SPECIAL OFFER: - Limited Time Only!
(The ad below will not display on your printed page)


Shoetopia: The Best Sneakers for Every Workout

The body of your dreams starts with the right sneakers on your feet. Our testers put dozens of the latest pairs through their paces to find these top picks. Here, find the best running shoes for the trail, cross training and more. Need a stability shoe or suffer from high arches? We've got the best shoes for you, too!
sneakers Shoe-Lingo Decoder

Check out our shoe-lingo decoder so you won't have to rely on the sales guy (or gal) to get a Cinderella fit from your new sneakers.

Also called a sock liner, the insole is a removable foam insert that sits under -- and often conforms to the shape of -- your foot to help the shoe fit better. Many manufacturers also sandwich extra devices (with proprietary technologies) between the insole and midsole in the heel and forefoot areas to add cushioning and shock absorption.

Sneaker treads, or outsoles, typically come in two forms: carbon rubber (usually all black) or a combination of colorful blown rubber and black carbon rubber (like that of Mizuno's Wave Inspire 5 running shoe, shown here). "Carbon rubber is more durable and can provide more traction, while blown rubber is softer and lighter for more flexibility and less weight in your stride," says Garrett Sheehan, a customer experience coach at Road Runner Sports in San Diego. Trail-shoe outsoles are almost always carbon rubber, and the deeper their lugs, the better they are for rocky terrain.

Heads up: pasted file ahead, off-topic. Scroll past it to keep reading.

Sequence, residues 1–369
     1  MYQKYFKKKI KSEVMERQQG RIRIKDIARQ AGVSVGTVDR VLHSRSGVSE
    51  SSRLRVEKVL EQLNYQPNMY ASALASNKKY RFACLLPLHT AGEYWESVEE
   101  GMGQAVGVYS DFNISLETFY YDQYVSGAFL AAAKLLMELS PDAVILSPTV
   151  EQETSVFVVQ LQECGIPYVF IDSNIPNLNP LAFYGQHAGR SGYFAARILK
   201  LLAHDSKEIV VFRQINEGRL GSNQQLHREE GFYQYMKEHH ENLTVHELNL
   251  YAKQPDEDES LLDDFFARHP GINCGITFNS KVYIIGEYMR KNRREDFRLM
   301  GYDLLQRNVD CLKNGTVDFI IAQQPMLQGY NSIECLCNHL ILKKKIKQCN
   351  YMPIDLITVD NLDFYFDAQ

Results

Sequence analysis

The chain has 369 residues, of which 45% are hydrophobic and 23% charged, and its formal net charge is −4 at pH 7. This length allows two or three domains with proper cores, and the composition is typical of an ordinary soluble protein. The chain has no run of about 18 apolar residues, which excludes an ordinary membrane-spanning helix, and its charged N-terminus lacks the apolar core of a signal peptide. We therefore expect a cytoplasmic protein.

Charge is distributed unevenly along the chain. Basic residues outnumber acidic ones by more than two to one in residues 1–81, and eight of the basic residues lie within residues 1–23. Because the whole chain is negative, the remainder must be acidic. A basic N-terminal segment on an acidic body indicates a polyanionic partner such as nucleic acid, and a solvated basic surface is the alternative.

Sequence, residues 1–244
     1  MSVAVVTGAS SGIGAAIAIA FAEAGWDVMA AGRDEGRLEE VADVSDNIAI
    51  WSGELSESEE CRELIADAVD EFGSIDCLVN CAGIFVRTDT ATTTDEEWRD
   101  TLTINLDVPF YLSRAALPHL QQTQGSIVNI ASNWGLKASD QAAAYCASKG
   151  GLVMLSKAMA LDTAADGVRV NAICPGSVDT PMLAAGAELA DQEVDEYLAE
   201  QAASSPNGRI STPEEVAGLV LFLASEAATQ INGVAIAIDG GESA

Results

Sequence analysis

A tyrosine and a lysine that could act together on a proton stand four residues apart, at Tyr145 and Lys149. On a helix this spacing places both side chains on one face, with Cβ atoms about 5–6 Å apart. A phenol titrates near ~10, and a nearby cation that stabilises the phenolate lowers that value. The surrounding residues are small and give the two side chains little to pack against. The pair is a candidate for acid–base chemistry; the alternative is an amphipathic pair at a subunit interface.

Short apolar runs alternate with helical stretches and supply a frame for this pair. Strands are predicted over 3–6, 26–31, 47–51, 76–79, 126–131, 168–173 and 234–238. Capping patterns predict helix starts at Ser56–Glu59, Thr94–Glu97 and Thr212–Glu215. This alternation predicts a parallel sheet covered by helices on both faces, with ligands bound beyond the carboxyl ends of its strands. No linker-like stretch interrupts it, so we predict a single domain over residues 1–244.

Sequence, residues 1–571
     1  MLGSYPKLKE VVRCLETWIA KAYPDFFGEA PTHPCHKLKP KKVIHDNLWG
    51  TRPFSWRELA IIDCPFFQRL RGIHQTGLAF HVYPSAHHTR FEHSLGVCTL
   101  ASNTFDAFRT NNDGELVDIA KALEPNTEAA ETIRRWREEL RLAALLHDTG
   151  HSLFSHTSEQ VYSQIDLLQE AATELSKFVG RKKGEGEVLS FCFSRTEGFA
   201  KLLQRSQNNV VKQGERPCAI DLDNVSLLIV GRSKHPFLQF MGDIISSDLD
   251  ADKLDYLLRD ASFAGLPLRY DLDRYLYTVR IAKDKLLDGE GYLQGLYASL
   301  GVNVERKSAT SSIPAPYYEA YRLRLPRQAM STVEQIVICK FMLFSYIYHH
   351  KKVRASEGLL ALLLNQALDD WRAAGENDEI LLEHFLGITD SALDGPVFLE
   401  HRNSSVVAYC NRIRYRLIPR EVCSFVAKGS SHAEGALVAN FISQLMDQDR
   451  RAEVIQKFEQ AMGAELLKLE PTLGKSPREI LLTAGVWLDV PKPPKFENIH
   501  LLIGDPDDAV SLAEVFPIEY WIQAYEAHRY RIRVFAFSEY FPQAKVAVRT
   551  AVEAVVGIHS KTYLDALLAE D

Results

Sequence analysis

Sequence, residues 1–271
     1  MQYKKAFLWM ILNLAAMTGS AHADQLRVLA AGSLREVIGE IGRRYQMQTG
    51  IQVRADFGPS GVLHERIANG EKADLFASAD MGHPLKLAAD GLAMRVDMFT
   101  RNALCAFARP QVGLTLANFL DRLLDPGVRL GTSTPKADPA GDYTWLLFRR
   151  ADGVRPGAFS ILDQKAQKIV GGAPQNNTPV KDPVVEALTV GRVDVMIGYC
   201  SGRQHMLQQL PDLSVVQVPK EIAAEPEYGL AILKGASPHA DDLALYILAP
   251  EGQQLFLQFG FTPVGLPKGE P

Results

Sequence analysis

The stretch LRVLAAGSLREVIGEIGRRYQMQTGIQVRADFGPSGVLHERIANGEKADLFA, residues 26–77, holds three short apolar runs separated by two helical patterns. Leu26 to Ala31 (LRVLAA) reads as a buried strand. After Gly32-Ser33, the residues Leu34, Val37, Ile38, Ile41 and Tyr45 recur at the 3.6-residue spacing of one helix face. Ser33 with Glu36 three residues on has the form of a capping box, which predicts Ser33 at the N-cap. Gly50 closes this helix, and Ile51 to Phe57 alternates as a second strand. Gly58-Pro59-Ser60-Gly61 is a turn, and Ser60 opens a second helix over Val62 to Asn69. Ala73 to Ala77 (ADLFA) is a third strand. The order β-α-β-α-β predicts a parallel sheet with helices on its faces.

This layer is typically made of foam, which gives the shoe its cushioning and support system. (Manufacturers may also add other patented materials, such as plastic inserts, within.) "The more gray-colored material, or dual-density foam, you see by the arch, the more stability the shoe usually offers," Sheehan says. If there's no gray, it's probably a neutral/cushioning shoe (good for high arches); if the gray is mostly limited to under the arch, it's a stability shoe (good for runners with normal arches); if the gray wraps from the arch to around to the heel, it's a motion-control shoe (good for flat arches).

"The top part of your sneaker, aka the upper, is all about comfort and style," says Sheehan. "Look for one that allows your toes to move around freely and doesn't have seams that rub against your skin." While the upper can be made of any material, from leather to plastic, the more mesh there is, the more breathable your shoe will be.